Introduction
As the final project for my Computer Vision class (CSCI1430), me and my group developed MyPitch. The basis of this project is making music with gesture detection. We were inspired by the hand movements DJs make when they create music, and decided to build a computer vision implementation of that. The left hand changes the volume: if the hand is closed, the volume decreases to zero. If the hand is open, we increase the volume if the hand goes up, and decrease it if it goes down. For the pitch, we make the pitch higher if the hand goes up, and lower if it goes down.
In this implementation we use hand detection and gesture detection to get the hands' coordinates and to detect if the hand is a palm or a fist. Our implementation consisted of three main parts: hand location detection, hand posture detection and audio integration.
hand location detection
We use the hands' y-coordinates to change the audio (right hand for volume and left hand for pitch). To determine hand location in the frame, our first approach was to use a feature extraction algorithm. We tried finding the contours of hands using OpenCV functions and building a color histogram based off of the initial background and the skin color of the moving hands, as below:
However, this method was not as effective as we expected, since it was susceptible to subtle changes in the background (lighting or moving objects); objects of similar color (human faces or exposed skin); or the fast-moving nature of hands. Thus, we eventually settled in on using a neural-network-based hand detector.​​​​​​​
Instead of extracting the exact hands from the frame, being able to determine if there are hands in the frame and obtaining bounding boxes around the hand areas was enough for our needs. We just needed to train our detector on a large dataset of hands and make sure it gave results on every frame in realtime. After some research, we decided that TensorFlow's Object Detection API would be very useful in this case. We referred to an article where the author trained the model from this API on hand images (from the Egohands Dataset). After testing out the accuracy of this detector, we decided on using the frozen graphs provided as open resources. Using the frozen graphs, we are able to detect if there were hands in each frame and if so, where they were, using the center of these bounding boxes as the y-coordinates.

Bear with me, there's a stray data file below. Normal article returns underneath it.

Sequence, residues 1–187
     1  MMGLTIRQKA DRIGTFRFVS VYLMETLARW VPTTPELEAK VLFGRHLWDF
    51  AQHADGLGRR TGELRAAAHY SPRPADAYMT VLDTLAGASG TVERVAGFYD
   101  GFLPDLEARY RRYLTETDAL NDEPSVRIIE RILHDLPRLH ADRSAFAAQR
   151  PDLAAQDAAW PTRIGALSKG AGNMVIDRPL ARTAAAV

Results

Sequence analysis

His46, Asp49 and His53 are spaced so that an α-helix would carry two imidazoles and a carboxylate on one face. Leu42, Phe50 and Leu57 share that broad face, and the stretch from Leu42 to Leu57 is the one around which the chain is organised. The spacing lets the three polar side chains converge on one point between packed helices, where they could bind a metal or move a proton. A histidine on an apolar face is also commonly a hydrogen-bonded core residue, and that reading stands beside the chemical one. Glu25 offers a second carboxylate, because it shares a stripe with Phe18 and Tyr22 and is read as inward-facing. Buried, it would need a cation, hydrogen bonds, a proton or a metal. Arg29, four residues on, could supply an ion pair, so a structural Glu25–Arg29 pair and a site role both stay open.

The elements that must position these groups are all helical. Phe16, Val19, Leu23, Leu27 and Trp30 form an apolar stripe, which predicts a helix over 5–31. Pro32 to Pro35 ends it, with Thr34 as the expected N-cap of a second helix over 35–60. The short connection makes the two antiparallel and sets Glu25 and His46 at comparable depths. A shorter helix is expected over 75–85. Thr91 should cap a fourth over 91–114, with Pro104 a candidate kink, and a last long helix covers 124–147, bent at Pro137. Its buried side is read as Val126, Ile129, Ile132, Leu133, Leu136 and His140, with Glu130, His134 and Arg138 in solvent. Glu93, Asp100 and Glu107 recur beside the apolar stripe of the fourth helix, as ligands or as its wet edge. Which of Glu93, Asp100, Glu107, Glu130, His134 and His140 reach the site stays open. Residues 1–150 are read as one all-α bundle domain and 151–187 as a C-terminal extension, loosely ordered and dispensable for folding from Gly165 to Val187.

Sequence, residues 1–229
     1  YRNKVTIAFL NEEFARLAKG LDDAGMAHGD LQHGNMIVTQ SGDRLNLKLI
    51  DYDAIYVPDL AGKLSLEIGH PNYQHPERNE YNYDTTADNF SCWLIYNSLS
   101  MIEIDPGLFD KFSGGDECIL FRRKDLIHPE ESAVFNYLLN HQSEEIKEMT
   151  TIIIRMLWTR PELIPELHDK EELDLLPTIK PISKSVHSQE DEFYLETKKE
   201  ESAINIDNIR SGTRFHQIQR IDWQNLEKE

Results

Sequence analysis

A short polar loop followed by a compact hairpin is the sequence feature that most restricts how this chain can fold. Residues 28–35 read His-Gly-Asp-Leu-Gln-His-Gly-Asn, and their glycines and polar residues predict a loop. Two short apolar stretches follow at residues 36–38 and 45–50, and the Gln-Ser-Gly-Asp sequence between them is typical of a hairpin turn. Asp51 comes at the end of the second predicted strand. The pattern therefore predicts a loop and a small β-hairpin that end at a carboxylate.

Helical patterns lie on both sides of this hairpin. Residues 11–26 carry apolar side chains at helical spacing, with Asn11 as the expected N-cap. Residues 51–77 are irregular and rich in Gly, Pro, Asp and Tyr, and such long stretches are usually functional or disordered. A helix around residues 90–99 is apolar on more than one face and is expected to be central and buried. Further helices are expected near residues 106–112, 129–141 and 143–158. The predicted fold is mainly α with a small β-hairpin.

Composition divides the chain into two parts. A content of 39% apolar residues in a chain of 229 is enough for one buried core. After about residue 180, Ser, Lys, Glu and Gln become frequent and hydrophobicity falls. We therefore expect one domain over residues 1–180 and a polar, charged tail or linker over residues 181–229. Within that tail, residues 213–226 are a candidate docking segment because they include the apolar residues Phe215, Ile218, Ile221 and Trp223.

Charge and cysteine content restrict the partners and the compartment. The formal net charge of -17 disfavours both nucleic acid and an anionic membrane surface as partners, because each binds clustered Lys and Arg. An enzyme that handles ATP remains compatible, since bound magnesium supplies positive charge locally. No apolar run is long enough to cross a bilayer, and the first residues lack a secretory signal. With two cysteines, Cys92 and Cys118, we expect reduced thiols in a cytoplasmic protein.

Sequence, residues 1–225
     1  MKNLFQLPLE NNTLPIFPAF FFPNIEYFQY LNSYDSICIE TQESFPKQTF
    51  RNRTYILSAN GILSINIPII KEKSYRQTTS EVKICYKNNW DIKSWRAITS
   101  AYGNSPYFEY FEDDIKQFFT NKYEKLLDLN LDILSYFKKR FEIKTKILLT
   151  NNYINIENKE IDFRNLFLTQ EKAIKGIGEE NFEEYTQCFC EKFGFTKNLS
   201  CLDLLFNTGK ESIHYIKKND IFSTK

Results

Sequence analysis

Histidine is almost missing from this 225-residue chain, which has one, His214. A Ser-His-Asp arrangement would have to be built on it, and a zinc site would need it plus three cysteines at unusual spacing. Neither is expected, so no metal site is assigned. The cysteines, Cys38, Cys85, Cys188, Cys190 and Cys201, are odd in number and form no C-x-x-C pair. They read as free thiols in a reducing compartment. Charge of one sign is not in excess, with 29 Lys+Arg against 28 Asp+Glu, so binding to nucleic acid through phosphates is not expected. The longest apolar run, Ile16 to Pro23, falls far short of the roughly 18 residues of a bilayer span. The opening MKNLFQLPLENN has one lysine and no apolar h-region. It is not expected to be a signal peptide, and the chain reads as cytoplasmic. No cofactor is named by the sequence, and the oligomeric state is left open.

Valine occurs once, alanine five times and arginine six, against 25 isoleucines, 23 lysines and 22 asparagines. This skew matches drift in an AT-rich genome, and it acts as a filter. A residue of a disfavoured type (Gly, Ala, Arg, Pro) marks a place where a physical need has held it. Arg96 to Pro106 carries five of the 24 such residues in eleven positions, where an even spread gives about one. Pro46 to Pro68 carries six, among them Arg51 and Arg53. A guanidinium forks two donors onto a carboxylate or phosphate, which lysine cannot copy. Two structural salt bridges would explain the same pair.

In order to continue with posture detection, we extract the images within the bounding boxes to be passed on into our posture detector. ​​​​​​​
GESTURE detection
Users can pause and resume the audio by closing and opening their left hand. In order to detect that, we decided to train a new model for detecting open palm and closed fist using TensorFlow. Since training a model from scratch required a lot of data and resources, we decided to use a technique called transfer learning, which uses a pre-trained model and trains a new classification layer on top. We opted to use the Inception V3 architecture, which is trained on ImageNet